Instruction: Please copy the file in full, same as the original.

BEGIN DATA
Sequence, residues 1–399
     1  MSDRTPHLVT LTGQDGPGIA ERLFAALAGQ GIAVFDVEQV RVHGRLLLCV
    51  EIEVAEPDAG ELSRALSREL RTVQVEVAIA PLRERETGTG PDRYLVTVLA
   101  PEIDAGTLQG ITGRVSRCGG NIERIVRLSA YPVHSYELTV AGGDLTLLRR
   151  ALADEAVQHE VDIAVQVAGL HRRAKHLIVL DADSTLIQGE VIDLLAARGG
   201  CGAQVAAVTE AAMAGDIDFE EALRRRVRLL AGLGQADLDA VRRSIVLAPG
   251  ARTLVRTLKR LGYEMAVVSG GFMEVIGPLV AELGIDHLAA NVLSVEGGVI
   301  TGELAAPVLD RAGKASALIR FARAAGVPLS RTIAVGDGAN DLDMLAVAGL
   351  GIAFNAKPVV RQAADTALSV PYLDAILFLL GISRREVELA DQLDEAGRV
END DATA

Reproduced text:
Sequence, residues 1–399
     1  MSDRTPHLVT LTGQDGPGIA ERLFAALAGQ GIAVFDVEQV RVHGRLLLCV
    51  EIEVAEPDAG ELSRALSREL RTVQVEVAIA PLRERETGTG PDRYLVTVLA
   101  PEIDAGTLQG ITGRVSRCGG NIERIVRLSA YPVHSYELTV AGGDLTLLRR
   151  ALADEAVQHE VDIAVQVAGL HRRAKHLIVL DADSTLIQGE VIDLLAARGG
   201  CGAQVAAVTE AAMAGDIDFE EALRRRVRLL AGLGQADLDA VRRSIVLAPG
   251  ARTLVRTLKR LGYEMAVVSG GFMEVIGPLV AELGIDHLAA NVLSVEGGVI
   301  TGELAAPVLD RAGKASALIR FARAAGVPLS RTIAVGDGAN DLDMLAVAGL
   351  GIAFNAKPVV RQAADTALSV PYLDAILFLL GISRREVELA DQLDEAGRV